Third Watch

Third Watch is an American crime drama television series created by John Wells and Edward Allen Bernero that aired on NBC from September 23, 1999, to May 6, 2005, with a total of 132 episodes spanning over six seasons. It was produced by John Wells Productions, in association with Warner Bros. Television.

Third Watch
Season 1 DVD cover
GenreCrime drama
Police procedural
Created byJohn Wells
Edward Allen Bernero
StarringMichael Beach
Coby Bell
Bobby Cannavale
Eddie Cibrian
Molly Price
Kim Raver
Anthony Ruivivar
Skipp Sudduth
Jason Wiles
Amy Carlson
Chris Bauer
Tia Texada
Nia Long
Bonnie Dennison
Cara Buono
Josh Stewart
Opening theme"Keep Hope Alive" by The Crystal Method
Country of originUnited States
Original language(s)English
No. of seasons6
No. of episodes132 (list of episodes)
Executive producer(s)Christopher Chulack
John Wells
Edward Allen Bernero
John Romano
Brooke Kennedy
Jorge Zamacona
Camera setupSingle
Running time43–44 minutes
Production company(s)John Wells Productions
Warner Bros. Television
DistributorWarner Bros. Television Distribution
Original networkNBC
Picture format480i (4:3) (Seasons 1 & 2)
1080i (16:9) (Seasons 3–6)
Audio formatDolby Surround 2.0
Original releaseSeptember 23, 1999 (1999-09-23) 
May 6, 2005 (2005-05-06)
Related showsER
Medical Investigation
External links

The show was set and taped in New York City, and with an ensemble cast of characters, the storylines centered on the lives of police officers of the New York City Police Department (NYPD) and the firefighters and paramedics of the New York City Fire Department (FDNY), all working the same fictional precinct during the 3 pm to 11 pm shift – the 'third watch'.

After the September 11 attacks hit New York in 2001, season three opened with the episode "In Their Own Words", which aired on October 15, 2001, and featured interviews with real-life NYPD and FDNY members who responded to the attacks. The following episode was titled "September Tenth".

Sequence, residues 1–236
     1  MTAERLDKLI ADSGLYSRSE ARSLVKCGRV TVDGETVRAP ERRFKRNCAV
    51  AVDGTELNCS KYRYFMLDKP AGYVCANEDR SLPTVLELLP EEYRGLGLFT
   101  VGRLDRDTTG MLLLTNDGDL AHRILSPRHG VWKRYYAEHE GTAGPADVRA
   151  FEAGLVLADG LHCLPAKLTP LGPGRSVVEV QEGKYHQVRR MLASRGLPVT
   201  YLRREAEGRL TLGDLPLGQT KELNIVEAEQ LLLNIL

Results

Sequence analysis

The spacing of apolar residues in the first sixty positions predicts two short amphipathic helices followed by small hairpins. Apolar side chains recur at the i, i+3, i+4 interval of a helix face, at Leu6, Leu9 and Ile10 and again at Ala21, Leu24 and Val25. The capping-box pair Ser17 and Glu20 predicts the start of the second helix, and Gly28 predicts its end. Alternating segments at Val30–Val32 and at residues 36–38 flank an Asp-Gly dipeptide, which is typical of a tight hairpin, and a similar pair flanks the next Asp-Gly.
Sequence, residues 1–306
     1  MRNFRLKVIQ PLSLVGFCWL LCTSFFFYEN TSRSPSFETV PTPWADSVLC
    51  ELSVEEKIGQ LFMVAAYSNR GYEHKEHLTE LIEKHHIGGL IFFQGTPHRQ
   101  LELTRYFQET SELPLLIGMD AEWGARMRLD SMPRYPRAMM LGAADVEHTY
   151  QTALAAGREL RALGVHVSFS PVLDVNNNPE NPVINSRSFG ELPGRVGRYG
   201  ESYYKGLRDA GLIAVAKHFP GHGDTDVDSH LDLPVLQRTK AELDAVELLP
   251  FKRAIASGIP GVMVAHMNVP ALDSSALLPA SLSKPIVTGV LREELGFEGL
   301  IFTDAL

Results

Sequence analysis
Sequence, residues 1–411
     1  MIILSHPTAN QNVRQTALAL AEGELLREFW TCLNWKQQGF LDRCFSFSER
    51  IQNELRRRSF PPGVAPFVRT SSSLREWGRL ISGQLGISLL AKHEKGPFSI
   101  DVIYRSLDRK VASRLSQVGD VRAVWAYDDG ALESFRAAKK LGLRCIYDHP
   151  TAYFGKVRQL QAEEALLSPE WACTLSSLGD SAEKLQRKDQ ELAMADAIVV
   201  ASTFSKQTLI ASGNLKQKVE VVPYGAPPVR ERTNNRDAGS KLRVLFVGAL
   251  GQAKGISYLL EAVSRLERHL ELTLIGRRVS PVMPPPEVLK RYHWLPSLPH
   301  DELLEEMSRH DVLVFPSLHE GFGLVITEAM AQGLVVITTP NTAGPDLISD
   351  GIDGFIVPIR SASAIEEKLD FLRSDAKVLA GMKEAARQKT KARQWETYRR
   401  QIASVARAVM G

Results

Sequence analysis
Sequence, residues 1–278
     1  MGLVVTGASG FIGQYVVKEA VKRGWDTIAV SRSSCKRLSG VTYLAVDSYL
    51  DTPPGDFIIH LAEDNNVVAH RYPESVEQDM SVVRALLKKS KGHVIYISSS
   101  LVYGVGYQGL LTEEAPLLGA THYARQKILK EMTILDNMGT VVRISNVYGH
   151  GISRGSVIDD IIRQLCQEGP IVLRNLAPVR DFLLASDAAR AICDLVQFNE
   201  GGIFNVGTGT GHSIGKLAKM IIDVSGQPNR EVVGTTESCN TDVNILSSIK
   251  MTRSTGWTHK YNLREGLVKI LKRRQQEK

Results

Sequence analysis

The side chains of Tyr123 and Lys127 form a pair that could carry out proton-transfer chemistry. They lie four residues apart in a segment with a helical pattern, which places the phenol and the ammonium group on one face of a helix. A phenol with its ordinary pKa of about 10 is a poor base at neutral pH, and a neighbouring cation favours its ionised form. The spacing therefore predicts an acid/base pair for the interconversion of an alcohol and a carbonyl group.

The series followed the exploits of a group of police officers, firefighters, and paramedics in the fictional NYPD 55th Precinct and the fictional FDNY Squad 55/Ladder 100/Battalion 24 firehouse, whose shifts fell between 3 pm and 11 pm, the "third watch". The precinct and fire station were located on the fictional corner of King Boulevard and Arthur Street; hence the nickname "Camelot". Exterior/interior shots of the 55th Precinct and the firehouse were filmed in Long Island City, Queens, although both in the show appear to be located somewhere between the Bronx, and midtown and Inwood in Manhattan. Third Watch succeeded in presenting all three branches of New York City's emergency services in the same show, reviving a failed attempt to do so nine years prior with the similarly themed H.E.L.P.

The show balanced numerous single-episode events with other, ongoing storylines, some of which spanned multiple seasons. Though it gained much acclaim and eventually won an award for its emotional and honest portrayal of 9/11 and its aftermath, Third Watch was also criticized in some circles for extremely detailed violence, and extensive (by network standards) profane language. The show was created, produced, and written by John Wells and Edward Allen Bernero. The theme song for the show was "Keep Hope Alive" by The Crystal Method, except for the pilot episode, when "Right Here, Right Now" by Fatboy Slim was played during the opening sequence.

In the spring of 2005, NBC decided not to renew Third Watch, making the sixth season its last. The series' finale, "Goodbye to Camelot", aired in the United States on Friday, May 6, 2005. Several major newspapers, including the New York Times and the Bergen Record have since listed it as a TV show that was cancelled too early.


John Wells had wanted to do a show about paramedics for some time due to his work on ER, but did not think he had enough material to make such a show. Ed Bernero, a former Chicago cop, had wanted to do a police drama partly based on his own experiences. The two worked together on the short-lived show Trinity and, after that show was cancelled, Wells asked Bernero if he wanted to co-create a show with him.[1]